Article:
Approximately 79 million people in the United States are currently infected with a human papillomavirus (HPV) according to the Centers for Disease Control and Prevention (CDC), and 14 million new infections occur each year. Several types of high-risk HPV are responsible for the vast majority of cervical, anal, oropharyngeal (middle throat) and other genital cancers. The CDC also reports that each year in the U.S., 27,000 men and women are diagnosed with an HPV-related cancer, which amounts to a new case every 20 minutes. Even though many of these HPV-related cancers are preventable with a safe and effective vaccine, HPV vaccination rates across the U.S. remain low.
Together we, the National Cancer Institute (NCI)-designated Cancer Centers, recognize these low rates of HPV vaccination as a serious public health threat. HPV vaccination represents a rare opportunity to prevent many cases of cancer that is tragically underused. As national leaders in cancer research and clinical care, we are compelled to jointly issue this call to action.
According to a 2015 CDC report, only 40 percent of girls and 21 percent of boys in the U.S. are receiving the recommended three doses of the HPV vaccine. This falls far short of the goal of 80 percent by the end of this decade, set forth by the U.S. Department of Health and Human Service’s Healthy People 2020 mission. Furthermore, U.S. rates are significantly lower than those of countries such as Australia (75 percent), the United Kingdom (84-92 percent) and Rwanda (93 percent), which have shown that high vaccination rates are currently achievable.
The HPV vaccines, like all vaccines used in the U.S., passed extensive safety testing before and after being approved by the U.S. Food and Drug Administration (FDA). The vaccines have a safety profile similar to that of other vaccines approved for adolescents in the U.S. Internationally, the safety of HPV vaccines has been tested and approved by the World Health Organization’s Global Advisory Committee on Vaccine Safety.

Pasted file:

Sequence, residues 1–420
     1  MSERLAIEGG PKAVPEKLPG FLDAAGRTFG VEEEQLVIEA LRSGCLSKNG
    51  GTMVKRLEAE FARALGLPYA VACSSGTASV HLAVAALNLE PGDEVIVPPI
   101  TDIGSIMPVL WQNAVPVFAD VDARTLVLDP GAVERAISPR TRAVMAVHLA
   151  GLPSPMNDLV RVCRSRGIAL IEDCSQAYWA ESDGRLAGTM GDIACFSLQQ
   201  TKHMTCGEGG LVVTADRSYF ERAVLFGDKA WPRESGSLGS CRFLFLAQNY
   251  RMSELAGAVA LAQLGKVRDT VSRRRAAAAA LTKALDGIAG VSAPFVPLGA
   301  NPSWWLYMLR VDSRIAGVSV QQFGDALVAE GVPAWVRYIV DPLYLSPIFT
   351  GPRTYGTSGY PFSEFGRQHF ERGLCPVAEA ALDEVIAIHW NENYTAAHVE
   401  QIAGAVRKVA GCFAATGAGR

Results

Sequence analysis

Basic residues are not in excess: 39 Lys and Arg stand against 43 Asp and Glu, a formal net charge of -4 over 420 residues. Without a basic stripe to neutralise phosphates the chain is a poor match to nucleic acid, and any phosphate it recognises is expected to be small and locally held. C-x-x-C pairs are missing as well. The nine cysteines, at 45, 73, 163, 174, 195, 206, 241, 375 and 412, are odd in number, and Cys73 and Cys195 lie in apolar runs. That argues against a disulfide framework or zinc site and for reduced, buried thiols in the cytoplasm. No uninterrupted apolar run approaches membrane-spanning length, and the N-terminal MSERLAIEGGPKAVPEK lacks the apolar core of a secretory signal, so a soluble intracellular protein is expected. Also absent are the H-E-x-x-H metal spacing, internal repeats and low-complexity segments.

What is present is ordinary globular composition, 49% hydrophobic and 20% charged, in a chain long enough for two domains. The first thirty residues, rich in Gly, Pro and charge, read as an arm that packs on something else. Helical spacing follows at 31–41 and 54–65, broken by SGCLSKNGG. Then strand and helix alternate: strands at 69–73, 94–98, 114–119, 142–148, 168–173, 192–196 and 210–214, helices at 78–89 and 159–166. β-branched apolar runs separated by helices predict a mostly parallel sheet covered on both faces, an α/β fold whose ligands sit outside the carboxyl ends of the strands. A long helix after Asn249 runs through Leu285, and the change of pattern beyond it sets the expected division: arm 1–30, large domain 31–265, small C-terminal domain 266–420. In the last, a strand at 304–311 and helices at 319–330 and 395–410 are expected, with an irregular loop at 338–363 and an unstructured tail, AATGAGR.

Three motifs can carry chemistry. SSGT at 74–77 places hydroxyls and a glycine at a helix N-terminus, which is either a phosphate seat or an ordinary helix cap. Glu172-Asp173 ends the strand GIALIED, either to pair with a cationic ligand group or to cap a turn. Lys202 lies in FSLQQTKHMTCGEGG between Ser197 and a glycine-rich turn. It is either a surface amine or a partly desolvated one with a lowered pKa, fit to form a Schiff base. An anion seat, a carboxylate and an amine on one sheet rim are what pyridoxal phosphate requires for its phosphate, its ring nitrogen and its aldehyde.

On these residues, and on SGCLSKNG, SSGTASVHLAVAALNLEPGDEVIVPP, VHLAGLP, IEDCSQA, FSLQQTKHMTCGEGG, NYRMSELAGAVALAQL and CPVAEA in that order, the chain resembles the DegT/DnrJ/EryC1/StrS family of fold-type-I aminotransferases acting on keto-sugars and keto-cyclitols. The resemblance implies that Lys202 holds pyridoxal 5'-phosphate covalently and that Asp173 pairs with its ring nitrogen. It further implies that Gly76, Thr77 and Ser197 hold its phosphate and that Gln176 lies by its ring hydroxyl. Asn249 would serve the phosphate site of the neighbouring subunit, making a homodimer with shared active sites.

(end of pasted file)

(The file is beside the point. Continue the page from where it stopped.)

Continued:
CDC recommends that boys and girls receive three doses of HPV vaccine at ages 11 or 12 years. The HPV vaccine series can be started in preteens as early as age 9 and should be completed before the 13th birthday. The HPV vaccine is more effective the earlier it is given; however, it is also recommended for young women until age 26 and young men until age 21.
The low vaccination rates are alarming given our current ability to safely and effectively save lives by preventing HPV infection and its associated cancers. Therefore, the 69 NCI-designated Cancer Centers urge parents and health care providers to protect the health of our children through a number of actions:
- We encourage all parents and guardians to have their sons and daughters complete the 3-dose HPV vaccine series before the 13th birthday, and complete the series as soon as possible in children aged 13 to 17. Parents and guardians should talk to their health care provider to learn more about HPV vaccines and their benefits.
- We encourage young men (up to age 21) and young women (up to age 26), who were not vaccinated as preteens or teens, to complete the 3-dose HPV vaccine series to protect themselves against HPV.
- We encourage all health care providers to be advocates for cancer prevention by making strong recommendations for childhood HPV vaccination. We ask providers to join forces to educate parents/guardians and colleagues about the importance and benefits of HPV vaccination.
HPV vaccination is our best defense in stopping HPV infection in our youth and preventing HPV-related cancers in our communities. The HPV vaccine is CANCER PREVENTION. More information is available from the CDC.
This statement, with a full list of the more than 70 endorsing cancer centers, was originally published on the National Cancer Institute website.